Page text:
Researchers working at Ziyaret Tepe, the probable site of the ancient Assyrian city of Tušhan, believe that the language may have been spoken by deportees originally from the Zagros Mountains, on the border of modern-day Iran and Iraq.
In keeping with a policy widely practised across the Assyrian Empire, these people may have been forcibly moved from their homeland and resettled in what is now south-east Turkey, where they would have been set to work building the new frontier city and farming its hinterland.
The evidence for the language they spoke comes from a single clay tablet, which was preserved after it was baked in a fire that destroyed the palace in Tušhan at some point around the end of the 8th century BCE. Inscribed with cuneiform characters, the tablet is essentially a list of the names of women who were attached to the palace and the local Assyrian administration.
Writing in the new issue of the Journal Of Near Eastern Studies, Dr John MacGinnis, from the McDonald Institute for Archaeological Research, University of Cambridge, explains how the nature of these names has piqued the interest of researchers.
“Altogether around 60 names are preserved,” MacGinnis said. “One or two are actually Assyrian and a few more may belong to other known languages of the period, such as Luwian or Hurrian, but the great majority belong to a previously unidentified language.”
“We know from existing texts that the Assyrians did conquer people from that region. Now we know that there is another language, perhaps from the same area, and maybe more evidence of its existence waiting to be discovered.”
If the theory that the speakers of this language came from western Iran is correct, then there is the potential here to complete the picture of the world’s first multi-ethnic empire.
Ziyaret Tepe is on the River Tigris in south east Turkey, and has been the subject of extensive archaeological excavations since 1997. Recent work has revealed evidence that it was probably once the site of the Assyrian frontier city of Tušhan. In particular, it is thought that the remains of a monumental building excavated on the site are those of the governor’s palace, built by the Assyrian King Ashurnasirpal II (883 – 859 BCE).
The tablet was found in what may have been the palace’s throne room by Dr Dirk Wicke of the University of Mainz, working as part of a team led by Professor Timothy Matney of the University Akron, Ohio. When a conflagration destroyed the palace, perhaps around the year 700 BCE, the tablet was baked and much of its contents on the obverse side preserved.
MacGinnis was handed the task of deciphering the tablet and has identified a total of 144 names, of which 59 can still be made out. His analysis systematically rules out not only common languages from within the Assyrian Empire, but also other languages of the time – including Egyptian, Elamite, Urartian or West Semitic. Even at its most generous, his assessment suggests that only 15 of the legible names belong to a language previously known to historians.
The report also posits several theories about where this mysterious language may have come from. One notion is that it may be Shubrian – the indigenous language spoken in the Tušhan area before the Assyrians arrived. As far as historians know, Shubrian was never written down. In addition, it is believed to have been a dialect of Hurrian, which is known and does not appear to bear any resemblance to most of the names on the tablet.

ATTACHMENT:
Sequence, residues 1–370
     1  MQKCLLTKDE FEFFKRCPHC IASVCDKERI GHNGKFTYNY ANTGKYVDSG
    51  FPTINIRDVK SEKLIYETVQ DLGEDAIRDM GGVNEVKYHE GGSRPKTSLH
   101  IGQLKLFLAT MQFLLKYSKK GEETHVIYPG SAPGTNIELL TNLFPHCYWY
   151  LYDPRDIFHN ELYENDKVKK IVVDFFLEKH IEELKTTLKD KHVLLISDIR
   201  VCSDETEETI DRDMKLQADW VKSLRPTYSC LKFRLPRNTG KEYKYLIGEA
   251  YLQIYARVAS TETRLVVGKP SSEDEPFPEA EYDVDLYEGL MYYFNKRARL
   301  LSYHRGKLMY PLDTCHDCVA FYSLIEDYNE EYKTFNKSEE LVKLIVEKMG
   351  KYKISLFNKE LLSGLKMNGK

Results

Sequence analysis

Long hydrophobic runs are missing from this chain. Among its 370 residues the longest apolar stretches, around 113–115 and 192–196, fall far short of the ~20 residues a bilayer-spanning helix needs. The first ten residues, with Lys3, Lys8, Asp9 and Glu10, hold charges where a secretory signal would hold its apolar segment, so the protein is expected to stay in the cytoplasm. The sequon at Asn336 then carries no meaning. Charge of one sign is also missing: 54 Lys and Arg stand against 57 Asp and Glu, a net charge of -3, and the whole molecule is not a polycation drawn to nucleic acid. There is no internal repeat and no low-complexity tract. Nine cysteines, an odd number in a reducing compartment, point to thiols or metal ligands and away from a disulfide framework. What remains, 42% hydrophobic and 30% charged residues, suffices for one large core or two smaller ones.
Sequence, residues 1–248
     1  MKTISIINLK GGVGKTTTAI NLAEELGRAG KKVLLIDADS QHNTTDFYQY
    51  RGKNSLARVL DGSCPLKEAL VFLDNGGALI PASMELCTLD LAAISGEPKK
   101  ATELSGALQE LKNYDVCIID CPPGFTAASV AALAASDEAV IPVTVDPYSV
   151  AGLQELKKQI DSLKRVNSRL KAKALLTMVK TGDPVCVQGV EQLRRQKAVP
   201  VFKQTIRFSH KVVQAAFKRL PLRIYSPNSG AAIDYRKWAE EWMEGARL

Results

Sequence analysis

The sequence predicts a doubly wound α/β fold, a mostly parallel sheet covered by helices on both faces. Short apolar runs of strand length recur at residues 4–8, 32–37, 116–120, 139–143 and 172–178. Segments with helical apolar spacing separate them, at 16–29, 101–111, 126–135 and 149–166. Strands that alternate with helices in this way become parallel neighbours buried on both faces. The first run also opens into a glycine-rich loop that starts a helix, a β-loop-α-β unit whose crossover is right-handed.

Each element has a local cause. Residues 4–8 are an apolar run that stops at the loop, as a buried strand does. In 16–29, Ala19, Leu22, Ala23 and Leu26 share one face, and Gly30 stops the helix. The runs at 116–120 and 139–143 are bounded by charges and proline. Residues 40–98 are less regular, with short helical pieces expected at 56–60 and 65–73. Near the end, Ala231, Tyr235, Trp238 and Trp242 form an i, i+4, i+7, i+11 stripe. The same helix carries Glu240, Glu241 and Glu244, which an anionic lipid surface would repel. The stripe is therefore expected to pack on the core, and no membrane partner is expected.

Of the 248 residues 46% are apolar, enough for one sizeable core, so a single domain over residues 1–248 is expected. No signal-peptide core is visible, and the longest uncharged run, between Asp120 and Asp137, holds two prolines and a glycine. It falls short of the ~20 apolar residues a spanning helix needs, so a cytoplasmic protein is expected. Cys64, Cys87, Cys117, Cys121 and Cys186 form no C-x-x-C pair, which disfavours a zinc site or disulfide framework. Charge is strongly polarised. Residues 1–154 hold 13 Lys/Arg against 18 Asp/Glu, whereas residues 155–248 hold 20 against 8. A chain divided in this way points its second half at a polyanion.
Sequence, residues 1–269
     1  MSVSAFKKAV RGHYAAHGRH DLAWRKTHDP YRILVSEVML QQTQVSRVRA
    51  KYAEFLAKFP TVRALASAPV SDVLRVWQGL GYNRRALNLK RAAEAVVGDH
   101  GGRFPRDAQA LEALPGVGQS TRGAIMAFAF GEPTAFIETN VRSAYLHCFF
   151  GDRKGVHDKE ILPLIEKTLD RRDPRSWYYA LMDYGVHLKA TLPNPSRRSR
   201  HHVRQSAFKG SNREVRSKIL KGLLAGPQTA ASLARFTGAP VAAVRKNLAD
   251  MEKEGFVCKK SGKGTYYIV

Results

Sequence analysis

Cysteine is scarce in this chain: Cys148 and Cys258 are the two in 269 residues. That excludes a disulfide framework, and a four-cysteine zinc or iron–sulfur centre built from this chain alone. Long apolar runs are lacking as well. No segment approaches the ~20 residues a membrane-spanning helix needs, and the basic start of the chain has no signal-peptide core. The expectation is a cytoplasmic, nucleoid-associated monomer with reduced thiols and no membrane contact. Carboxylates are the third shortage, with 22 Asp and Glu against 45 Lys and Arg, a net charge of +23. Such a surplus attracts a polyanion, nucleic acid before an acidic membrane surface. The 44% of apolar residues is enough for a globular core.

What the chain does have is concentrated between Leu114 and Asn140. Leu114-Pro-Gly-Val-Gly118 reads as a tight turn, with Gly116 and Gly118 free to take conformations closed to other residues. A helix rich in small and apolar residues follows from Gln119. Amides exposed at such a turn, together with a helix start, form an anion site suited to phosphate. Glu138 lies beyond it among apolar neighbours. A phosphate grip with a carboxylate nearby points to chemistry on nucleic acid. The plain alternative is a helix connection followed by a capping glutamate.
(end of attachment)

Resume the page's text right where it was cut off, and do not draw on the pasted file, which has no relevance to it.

Another theory is that it was the language spoken by the Mushki – a people who were migrating to Eastern Anatolia at around the time the tablet was made. This idea seems less plausible, however, as to appear on the list of the Assyrian administration, these people would either have infiltrated the Empire or been captured, and historians have evidence for neither.
More convincing is the theory that the language in question may have been spoken by a people from somewhere else in the Assyrian Empire who were forcibly moved by the administration.
This was standard practice for successive Assyrian Kings, particularly after the Empire began to expand during the 9th century. “It was an approach which helped them to consolidate power by breaking the control of the ruling elite in newly-conquered areas,” MacGinnis said. “If people were deported to a new location, they were entirely dependent on the Assyrian administration for their well-being.”
Although historians already know that the Zagros Mountains were in a region invaded and annexed by the Assyrians, it remains, to date, the one area under Assyrian occupation for which no known language exists. That makes it tempting to link the text on the tablet to the same region. An Assyrian King, Esarhaddon, even referred to an unidentified language, Mekhranian, which supposedly hailed from the Zagros, but in practice the area was probably a patchwork of chiefdoms and more than one dialect may have been in use.
“If correct this suggests that Iran was home to previously unknown languages,” MacGinnis said. “The immediate impression is that the names on this tablet were those of women who belonged to an isolated community. It may be, however, that there were others whom we still have to find out about.”
The tablet is currently being stored in Diyarbakir, Turkey, where it is hoped that it will eventually go on public display. Dr MacGinnis’ report on its decipherment is published in the April issue of the Journal of Near Eastern Studies.